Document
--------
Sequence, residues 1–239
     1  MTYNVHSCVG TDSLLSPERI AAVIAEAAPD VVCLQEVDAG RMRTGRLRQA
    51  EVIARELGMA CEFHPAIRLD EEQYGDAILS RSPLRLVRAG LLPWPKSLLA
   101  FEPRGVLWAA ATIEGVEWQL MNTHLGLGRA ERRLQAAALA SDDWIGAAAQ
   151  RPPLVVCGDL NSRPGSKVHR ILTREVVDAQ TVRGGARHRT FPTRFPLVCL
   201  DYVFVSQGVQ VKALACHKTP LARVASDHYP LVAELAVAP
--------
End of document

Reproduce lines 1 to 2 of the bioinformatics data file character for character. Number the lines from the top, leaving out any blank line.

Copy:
Sequence, residues 1–239
     1  MTYNVHSCVG TDSLLSPERI AAVIAEAAPD VVCLQEVDAG RMRTGRLRQA